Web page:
Rhoscolyn Bay: Borth Wen or Rhoscolyn Bay as it is more commonly called, affords good shelter in all but South and South-East winds. A large proportion of the head of the bay dries at low water. The anchorage lies in the south-western corner of the bay, in the angle formed by the promontory upon the eastward side of which stands the old Lifeboat House, and Ynys Traws, an island, sometimes referred to as Rhoscolyn Island (now more commonly known as Rat Island, because of its shape). Ynys Traws possibly means the island across the bay, or which it is possible to get across to at low water springs.
The Beacon Rocks: About two cables south-westward from Rhoscolyn Point lie the Beacon Rocks, or Ynysoedd Gwylanod (Islands of the Seagulls), consisting of a number of small stacks. On the highest point of the Windward Group of these rocks stands a tall, round tower or beacon (no light), painted in red and white horizontal bands (no longer, sadly, the case). (Pevsner notes that the tower has internal stairs).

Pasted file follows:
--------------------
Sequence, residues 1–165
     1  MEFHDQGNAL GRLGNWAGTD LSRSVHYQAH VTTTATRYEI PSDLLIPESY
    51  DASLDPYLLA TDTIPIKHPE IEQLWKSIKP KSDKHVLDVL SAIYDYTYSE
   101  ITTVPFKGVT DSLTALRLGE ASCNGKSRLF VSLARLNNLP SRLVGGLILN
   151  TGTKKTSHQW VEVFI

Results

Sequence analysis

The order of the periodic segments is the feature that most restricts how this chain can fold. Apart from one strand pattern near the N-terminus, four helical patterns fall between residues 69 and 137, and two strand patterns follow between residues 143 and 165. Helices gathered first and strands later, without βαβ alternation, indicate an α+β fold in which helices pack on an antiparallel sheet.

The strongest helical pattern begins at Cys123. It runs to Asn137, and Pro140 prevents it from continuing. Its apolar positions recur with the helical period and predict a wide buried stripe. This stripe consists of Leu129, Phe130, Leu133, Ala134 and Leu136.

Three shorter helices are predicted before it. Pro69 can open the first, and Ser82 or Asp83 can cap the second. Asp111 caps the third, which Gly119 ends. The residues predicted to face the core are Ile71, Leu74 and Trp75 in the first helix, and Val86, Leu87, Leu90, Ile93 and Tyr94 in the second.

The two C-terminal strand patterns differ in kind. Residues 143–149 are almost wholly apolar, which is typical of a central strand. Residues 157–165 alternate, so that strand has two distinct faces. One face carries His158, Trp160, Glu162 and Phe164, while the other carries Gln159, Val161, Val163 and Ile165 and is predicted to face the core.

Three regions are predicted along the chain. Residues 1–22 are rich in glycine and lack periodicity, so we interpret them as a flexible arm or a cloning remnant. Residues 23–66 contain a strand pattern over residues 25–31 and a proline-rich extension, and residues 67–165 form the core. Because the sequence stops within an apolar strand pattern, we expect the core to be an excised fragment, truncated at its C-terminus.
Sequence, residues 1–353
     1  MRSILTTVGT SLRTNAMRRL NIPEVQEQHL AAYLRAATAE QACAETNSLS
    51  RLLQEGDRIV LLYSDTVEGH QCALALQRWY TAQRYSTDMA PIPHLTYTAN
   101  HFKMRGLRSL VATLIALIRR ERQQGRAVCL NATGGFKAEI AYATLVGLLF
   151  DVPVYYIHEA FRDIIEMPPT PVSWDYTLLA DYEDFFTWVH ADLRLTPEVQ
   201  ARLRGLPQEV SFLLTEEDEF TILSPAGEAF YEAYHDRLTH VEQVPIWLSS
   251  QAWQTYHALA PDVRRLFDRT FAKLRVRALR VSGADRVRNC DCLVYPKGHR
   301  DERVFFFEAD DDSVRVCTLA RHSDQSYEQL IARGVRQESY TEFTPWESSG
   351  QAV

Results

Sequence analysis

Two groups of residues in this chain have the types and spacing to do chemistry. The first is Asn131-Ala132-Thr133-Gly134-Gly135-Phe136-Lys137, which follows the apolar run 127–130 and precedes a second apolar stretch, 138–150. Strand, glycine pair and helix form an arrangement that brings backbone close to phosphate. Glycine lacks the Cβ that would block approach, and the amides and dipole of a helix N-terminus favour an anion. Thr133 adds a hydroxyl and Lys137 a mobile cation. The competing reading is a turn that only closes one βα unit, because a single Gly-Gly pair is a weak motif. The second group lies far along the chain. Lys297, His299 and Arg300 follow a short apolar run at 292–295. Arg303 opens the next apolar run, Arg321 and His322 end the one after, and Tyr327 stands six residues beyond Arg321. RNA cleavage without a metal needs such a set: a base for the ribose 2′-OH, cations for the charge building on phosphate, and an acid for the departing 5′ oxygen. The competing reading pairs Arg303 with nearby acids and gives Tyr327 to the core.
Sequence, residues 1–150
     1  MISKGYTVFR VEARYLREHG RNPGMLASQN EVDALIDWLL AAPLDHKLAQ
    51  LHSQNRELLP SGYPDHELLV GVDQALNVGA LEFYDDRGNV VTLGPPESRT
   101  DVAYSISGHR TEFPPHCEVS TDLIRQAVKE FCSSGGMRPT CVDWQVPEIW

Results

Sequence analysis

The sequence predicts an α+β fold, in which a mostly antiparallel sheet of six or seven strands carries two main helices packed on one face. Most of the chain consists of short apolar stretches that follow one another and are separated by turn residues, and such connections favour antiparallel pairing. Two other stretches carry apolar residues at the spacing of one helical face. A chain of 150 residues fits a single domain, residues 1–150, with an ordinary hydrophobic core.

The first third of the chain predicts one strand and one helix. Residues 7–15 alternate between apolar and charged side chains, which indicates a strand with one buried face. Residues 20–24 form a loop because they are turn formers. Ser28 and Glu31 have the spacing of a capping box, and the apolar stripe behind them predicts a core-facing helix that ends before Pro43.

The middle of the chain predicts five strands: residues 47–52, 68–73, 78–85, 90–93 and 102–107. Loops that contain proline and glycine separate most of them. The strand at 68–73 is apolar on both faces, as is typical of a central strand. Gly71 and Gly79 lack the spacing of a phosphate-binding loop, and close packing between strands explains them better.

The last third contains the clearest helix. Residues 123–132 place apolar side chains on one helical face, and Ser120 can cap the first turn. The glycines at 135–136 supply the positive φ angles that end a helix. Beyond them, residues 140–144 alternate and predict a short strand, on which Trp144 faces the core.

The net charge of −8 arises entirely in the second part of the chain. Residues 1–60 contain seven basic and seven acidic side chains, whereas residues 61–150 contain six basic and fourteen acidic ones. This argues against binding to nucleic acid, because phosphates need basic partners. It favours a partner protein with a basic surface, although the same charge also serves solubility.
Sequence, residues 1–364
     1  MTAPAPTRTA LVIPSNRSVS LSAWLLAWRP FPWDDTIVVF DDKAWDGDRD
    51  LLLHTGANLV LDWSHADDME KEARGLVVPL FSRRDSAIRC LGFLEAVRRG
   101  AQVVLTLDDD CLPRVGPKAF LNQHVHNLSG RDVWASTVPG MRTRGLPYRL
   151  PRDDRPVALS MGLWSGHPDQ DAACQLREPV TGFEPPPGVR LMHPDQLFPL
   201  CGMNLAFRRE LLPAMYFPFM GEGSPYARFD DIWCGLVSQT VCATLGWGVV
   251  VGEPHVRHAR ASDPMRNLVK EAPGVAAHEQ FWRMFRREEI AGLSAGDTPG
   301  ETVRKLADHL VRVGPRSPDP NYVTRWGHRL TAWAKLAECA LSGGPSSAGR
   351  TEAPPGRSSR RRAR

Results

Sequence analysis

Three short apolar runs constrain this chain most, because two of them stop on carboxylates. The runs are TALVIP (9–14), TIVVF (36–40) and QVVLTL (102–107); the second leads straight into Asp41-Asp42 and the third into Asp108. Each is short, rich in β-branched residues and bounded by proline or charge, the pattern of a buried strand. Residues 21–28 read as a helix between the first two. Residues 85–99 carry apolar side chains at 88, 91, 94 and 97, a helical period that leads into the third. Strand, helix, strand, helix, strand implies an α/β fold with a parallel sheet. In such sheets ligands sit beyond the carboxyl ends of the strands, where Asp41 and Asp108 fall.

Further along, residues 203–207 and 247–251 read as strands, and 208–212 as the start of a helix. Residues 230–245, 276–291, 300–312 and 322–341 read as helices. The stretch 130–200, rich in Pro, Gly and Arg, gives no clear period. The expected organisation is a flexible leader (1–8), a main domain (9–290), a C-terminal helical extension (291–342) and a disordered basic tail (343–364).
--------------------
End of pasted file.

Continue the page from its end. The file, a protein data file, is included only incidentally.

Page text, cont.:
St Gwenfaen’s Church:
St Gwenfaen, the daughter of Pawl Hen and sister of Saint Peulan, founded her church at Rhoscolyn in the 6th century. She was probably a member of the order of religious devotees known as the Colidei, and her wake is commemorated on 5 November (note: this day is still commemorated with a special service in St Gwenfaen’s church, usually on the nearest Saturday – see www.stgwenfaen.org for details).
Old Chapel & Chapel House:
According to Pevsner’s Buildings of Wales – Gwynedd, by Richard Haslam, Julian Orbach & Adam Voelcker (published 2009): “The Calvinistic Methodist Chapel (1906) is in a railed yard. It has an entertaining facade in cement and pebble-dash with corner piers topped with flaming vases and a parapet, echoing the line of the arched triplet windows, with name panel and an urn. On the left, Ty Capel, an early 19C farmhouse used as a chapel and later as schoolroom and stable, and on the right, the cottage where the cause began. (Note: all these building are now in private ownership; but the chapel graveyard is still used).
The remarkable feature of the coast of Penrhos Bay known as the White Arch was once the scene of industrial activity, to which the old grindstone on its summit remains as witness. The rock of which the arch is composed is Holyhead quartzite, and weathering and chemical action have led to the production of china clay rock, which was at one time quarried here and carried away in boats.